Those 20 years as sheriff can be traced back to a gathering of several local businessmen who "started working on him" in 1987 when they decided Helton should be the county's next sheriff, according to Preston Blackmon, one of those businessmen and the master of ceremonies during the reception for Helton.
"'I've been a trooper for 20-plus years,'" Blackmon said quoting Helton in jest while revising history, "'and I don't know what a sheriff does.'"
But Helton had been watching Andy of Mayberry on TV and caught on quickly, Blackmon continued, then adding a serious note that Helton's approach to law enforcement had included patience, wise leadership and just enforcement mixed with humanity.
Helton does like the Andy Griffith show, Blackmon said. The retiring sheriff is a significant reason for a gentle lifestyle here, he said.
Marshall County has been blessed to have him for 20 years," Blackmon said. Being such a sheriff "is like being a school teacher; the rewards come slow."
As is his nature, Helton let others do the talking and Blackmon was recognized as the sheriff's spokesman during the Sunday afternoon reception in the training room at the sheriff's department building.
Among those attending were: Charlie Boyd who served as Helton's campaign treasurer for each of the five elections; Joe Moss, former proprietor of Forrest Landing and Sugar and Spice; Billy and Jolene Jett, long-time supporters; his wife, Jean; and their daughter and her husband, Tracie and Dale Oechsel.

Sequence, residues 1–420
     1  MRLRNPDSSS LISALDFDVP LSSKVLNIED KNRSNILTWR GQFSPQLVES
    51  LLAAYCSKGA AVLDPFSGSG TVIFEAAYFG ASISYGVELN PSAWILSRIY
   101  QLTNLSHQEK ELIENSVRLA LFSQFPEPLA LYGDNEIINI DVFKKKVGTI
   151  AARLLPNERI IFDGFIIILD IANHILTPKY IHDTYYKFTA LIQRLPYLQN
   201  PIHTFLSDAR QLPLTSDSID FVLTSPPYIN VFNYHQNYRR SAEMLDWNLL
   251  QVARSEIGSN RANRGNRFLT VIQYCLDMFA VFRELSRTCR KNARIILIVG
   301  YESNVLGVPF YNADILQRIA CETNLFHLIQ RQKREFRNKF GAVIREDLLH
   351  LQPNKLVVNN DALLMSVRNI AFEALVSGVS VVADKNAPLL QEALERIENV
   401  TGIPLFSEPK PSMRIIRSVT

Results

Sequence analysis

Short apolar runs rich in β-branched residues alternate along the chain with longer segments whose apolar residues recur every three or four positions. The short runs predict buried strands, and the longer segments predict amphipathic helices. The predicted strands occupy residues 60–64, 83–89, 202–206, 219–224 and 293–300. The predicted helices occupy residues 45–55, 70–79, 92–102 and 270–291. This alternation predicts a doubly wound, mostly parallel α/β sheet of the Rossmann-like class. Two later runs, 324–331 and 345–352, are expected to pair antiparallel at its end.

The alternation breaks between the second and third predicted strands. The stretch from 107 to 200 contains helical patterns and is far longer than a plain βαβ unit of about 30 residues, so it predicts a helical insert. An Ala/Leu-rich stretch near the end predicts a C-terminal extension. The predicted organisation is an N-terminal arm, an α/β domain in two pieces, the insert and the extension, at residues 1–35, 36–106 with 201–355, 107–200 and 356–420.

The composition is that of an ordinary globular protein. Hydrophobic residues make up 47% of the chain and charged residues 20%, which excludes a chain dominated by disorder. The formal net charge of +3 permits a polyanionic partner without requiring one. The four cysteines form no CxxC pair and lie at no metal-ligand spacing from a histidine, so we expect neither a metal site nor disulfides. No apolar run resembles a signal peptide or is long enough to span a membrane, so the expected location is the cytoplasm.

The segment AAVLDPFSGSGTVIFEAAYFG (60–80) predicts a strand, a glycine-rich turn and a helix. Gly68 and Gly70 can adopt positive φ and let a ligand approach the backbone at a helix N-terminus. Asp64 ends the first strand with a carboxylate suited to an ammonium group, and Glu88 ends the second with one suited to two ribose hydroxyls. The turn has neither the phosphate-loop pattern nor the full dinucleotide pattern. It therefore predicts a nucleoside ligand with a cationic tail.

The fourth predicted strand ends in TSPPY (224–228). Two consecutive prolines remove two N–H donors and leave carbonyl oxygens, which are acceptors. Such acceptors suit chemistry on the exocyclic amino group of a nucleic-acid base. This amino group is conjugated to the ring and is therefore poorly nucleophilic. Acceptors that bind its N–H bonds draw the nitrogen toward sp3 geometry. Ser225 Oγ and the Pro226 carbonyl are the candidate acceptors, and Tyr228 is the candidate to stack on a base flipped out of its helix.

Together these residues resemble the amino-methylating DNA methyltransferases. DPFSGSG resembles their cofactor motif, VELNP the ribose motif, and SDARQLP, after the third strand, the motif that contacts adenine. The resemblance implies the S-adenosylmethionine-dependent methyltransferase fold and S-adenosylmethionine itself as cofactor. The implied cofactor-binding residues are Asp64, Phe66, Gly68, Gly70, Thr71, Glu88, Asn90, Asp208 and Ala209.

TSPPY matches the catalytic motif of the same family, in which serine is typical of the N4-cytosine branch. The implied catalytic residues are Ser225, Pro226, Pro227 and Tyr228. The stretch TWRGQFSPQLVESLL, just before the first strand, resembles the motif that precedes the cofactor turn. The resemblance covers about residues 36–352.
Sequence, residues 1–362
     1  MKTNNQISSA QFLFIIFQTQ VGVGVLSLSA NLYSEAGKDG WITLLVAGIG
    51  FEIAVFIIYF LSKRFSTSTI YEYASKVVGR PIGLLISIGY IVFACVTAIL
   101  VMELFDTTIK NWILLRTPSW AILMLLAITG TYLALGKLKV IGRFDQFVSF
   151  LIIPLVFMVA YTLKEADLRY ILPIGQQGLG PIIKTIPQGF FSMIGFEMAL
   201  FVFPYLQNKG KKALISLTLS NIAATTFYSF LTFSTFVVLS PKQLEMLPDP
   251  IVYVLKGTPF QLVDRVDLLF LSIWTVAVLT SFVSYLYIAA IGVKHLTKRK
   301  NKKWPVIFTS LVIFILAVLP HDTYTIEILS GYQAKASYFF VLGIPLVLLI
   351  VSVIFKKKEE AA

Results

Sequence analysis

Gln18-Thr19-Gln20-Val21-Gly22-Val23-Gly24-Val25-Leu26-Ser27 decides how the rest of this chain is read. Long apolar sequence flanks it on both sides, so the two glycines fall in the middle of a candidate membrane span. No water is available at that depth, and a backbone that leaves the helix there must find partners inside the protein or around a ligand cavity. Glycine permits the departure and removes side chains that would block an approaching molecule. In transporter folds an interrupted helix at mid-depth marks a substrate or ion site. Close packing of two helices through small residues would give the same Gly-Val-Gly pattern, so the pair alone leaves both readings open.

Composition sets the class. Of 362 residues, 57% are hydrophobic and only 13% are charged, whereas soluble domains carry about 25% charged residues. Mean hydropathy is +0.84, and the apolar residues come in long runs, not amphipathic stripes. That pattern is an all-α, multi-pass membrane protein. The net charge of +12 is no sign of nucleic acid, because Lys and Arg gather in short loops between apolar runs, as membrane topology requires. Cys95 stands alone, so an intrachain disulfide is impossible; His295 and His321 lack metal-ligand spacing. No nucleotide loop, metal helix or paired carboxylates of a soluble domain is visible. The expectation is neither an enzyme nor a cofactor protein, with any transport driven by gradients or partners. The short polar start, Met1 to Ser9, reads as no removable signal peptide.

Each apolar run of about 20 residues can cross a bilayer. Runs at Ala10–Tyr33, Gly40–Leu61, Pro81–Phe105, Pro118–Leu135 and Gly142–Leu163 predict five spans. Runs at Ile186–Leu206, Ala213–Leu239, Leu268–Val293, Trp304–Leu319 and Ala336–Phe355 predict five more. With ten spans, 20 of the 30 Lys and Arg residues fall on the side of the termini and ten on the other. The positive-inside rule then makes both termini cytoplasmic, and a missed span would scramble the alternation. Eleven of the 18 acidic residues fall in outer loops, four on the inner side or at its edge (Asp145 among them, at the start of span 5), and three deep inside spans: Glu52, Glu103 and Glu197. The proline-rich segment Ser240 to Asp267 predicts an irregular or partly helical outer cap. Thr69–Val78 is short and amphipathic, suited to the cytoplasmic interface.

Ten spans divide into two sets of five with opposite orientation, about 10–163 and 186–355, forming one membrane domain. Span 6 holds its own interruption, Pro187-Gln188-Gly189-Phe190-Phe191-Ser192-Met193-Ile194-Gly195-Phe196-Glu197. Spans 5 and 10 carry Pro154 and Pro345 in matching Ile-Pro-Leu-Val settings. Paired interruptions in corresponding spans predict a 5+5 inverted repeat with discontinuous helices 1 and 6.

Compliments and kidding continued during the reception in the sheriff's office training room where state Rep. Eddie Bass recalled an exchange with Helton. Bass is a former Giles County sheriff.
Helton retired from the Tennessee Highway Patrol as a sergeant to run for sheriff and shortly after he was elected, Bass recalled telling Helton that he'd just become "'a real police officer.'
"He didn't agree with me at the time," Bass said. "I think he does now."
The state representative and state Sen. Bill Ketron planned to have a resolution honoring Helton at the reception, but they couldn't get enough votes, Bass said to the laughter of the audience. The state Legislature has been out of session for more than a month.
Ketron said they'd have a resolution adopted when the General Assembly reconvenes, and the senator proceeded to share warm recollections about the county's senior lawman.
The two lawmakers had been dedicating bridges in Marshall County on a hot Saturday several weeks ago when they stopped at the store in Mooresville for a cool drink and the shelter of an air-conditioned building. That evening while reviewing his notes for the day, Ketron realized he'd walked out of the store without paying for the Sun-Drop. He called Jerry Williams, knowing the roads superintendent lives near the store, and asked if he could pay the storeowner for the drink. Williams did and the next time the senator saw the senator, Helton told Ketron that he wouldn't be arrested that day.
"I probably owe him a case of Sun-Drop," Ketron said.
County Mayor Joe Boyd Liggett honored Helton with his declaration that the county is grateful for the lawman's 20 years of service and kind leadership.
Sheriff "is a very important job," Liggett said, noting the scores of people at the reception probably have "mixed emotions" about the day: Sorry to lose him in office; but pleased with the years they enjoyed with his service as sheriff.
Chief Deputy Billy Lamb conducted the last part of the ceremony by presenting Helton with a plaque bearing Helton's badge.
"He's been like a daddy to me for 20 years," Lamb said of the man he'd served with in law enforcement and administration.
The afternoon reception included a display of gifts and a luncheon as friends shared personal stories, admired Helton's new clock, old photos of his early career and were the friends and family that they are.